Could genetically modified mosquitos prevent mosquito-borne illnesses?
When people think of genetically modified organisms, food crops like GM corn and soybeans usually come to mind. But engineering more complex living things is now possible, and the controversy surrounding genetic modification has now spread to the lowly mosquito, which is being genetically engineered to control mosquito-borne illnesses.
A U.K.-based company, Oxitec, has altered two genes in the Aedes aegypti mosquito so that when modified males breed with wild females, the offspring inherit a lethal gene and die in the larval stage. The state agency that controls mosquitos in the Florida Keys is awaiting approval from the federal government of a trial release of Oxitec’s genetically modified mosquitos to prevent a recurrence of a dengue fever outbreak. But some people in the Keys and elsewhere are up in arms, with more than 155,000 signing a petition opposing the trial of genetically engineered mosquitoes in a small area of 400 households next to Key West.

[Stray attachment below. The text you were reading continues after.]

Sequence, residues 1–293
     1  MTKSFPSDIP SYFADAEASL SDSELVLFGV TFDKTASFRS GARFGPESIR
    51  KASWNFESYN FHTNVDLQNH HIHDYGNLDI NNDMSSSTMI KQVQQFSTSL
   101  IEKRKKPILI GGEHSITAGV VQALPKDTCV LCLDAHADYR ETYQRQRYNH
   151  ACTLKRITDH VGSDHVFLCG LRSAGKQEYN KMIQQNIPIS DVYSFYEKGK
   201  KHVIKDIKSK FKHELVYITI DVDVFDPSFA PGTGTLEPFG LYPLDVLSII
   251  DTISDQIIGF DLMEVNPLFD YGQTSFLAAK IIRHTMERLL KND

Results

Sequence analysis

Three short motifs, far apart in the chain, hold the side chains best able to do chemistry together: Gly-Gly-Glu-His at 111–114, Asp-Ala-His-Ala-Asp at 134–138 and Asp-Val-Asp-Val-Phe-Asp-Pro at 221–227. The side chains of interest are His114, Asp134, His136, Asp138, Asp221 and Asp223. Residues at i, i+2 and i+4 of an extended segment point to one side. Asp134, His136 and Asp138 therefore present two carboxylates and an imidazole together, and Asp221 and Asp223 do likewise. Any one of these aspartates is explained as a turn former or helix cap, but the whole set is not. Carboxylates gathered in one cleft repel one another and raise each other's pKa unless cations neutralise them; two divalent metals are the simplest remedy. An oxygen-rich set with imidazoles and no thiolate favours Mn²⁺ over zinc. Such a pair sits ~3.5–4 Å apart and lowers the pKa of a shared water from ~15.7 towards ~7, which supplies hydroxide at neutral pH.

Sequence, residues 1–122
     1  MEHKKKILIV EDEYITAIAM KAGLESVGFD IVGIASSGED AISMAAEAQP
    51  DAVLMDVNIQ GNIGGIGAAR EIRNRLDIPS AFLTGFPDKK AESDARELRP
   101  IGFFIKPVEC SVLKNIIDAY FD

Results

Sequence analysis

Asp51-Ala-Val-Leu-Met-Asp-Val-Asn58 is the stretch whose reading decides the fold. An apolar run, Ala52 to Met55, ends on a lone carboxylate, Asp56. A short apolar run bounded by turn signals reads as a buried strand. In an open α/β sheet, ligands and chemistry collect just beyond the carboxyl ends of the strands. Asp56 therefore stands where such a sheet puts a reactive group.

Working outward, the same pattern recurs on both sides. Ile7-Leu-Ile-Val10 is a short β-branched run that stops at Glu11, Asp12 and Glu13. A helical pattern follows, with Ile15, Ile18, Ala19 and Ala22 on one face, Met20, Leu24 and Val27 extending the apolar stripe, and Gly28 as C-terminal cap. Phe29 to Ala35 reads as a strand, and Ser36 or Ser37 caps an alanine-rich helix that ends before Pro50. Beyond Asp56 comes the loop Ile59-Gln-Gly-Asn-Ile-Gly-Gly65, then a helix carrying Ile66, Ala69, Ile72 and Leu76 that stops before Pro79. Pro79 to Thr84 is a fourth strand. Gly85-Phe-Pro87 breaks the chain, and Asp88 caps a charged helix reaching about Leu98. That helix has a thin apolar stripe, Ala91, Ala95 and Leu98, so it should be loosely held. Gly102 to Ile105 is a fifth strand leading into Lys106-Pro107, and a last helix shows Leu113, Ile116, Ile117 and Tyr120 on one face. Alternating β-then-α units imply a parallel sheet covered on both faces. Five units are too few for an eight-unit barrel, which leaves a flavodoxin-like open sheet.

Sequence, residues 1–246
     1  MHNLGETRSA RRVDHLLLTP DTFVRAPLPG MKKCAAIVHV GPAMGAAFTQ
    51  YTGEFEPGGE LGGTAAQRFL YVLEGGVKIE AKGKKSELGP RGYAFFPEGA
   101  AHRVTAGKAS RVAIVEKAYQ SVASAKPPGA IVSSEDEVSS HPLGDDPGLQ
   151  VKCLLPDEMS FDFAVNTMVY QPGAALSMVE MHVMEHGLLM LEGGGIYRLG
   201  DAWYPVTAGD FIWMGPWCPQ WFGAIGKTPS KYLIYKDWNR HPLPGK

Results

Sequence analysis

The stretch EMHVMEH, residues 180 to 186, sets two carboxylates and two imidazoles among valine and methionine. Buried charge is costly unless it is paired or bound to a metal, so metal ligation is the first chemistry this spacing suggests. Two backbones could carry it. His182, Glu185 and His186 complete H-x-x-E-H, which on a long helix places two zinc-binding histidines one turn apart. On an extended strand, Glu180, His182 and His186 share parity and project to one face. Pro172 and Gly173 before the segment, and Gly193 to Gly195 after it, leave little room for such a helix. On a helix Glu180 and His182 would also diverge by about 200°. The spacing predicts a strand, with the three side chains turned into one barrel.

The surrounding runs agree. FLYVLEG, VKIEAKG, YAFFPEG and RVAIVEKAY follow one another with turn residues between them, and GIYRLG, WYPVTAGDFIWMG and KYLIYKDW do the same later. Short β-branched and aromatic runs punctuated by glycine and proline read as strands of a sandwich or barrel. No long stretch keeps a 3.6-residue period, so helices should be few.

Many scientists say, however, that genetically modifying the Aedes mosquito — and possibly other types of mosquitoes carrying diseases such as malaria — is a more effective and environmentally benign way of controlling mosquito-borne illnesses than spraying pesticides and other measures. Oxitec’s genetically engineered Aedes aegypti has proven itself in other countries, successfully reducing populations of the insect by up to 90 percent in field trials in the Cayman Islands, Brazil, Malaysia, and Panama. Overall, the trials were so successful that Brazil approved the use of the GM mosquitoes last year.
“Some people don’t want to see GE (genetically engineered) anything,” says entomologist Raymond St. Leger, distinguished university professor at the University of Maryland. “It’s an emotional response. It’s hard to reason people out of a decision they didn’t reason themselves into.”
St. Leger is now conducting field trials in Burkina Faso to test a method in which a mosquito is exposed to a fungus that prevents it from transmitting malaria. He says that Oxitec’s technology to suppress the Aedes aegypti has relatively little environmental risk and that knocking back the mosquito in the Keys, which experienced a dengue outbreak five years ago, “is a matter of urgency.
“You don’t want to wait until it’s endemic,” he says. “The gun is there and cocked and waiting to spread through their mosquitos. The extensive program and spraying with insecticides isn’t working. You need to do something now and not wait until dengue is there. It’s a very dangerous mosquito doing pretty well for itself in Florida.”
Continue reading at Yale Environment 360.
Mosquito image via Shutterstock.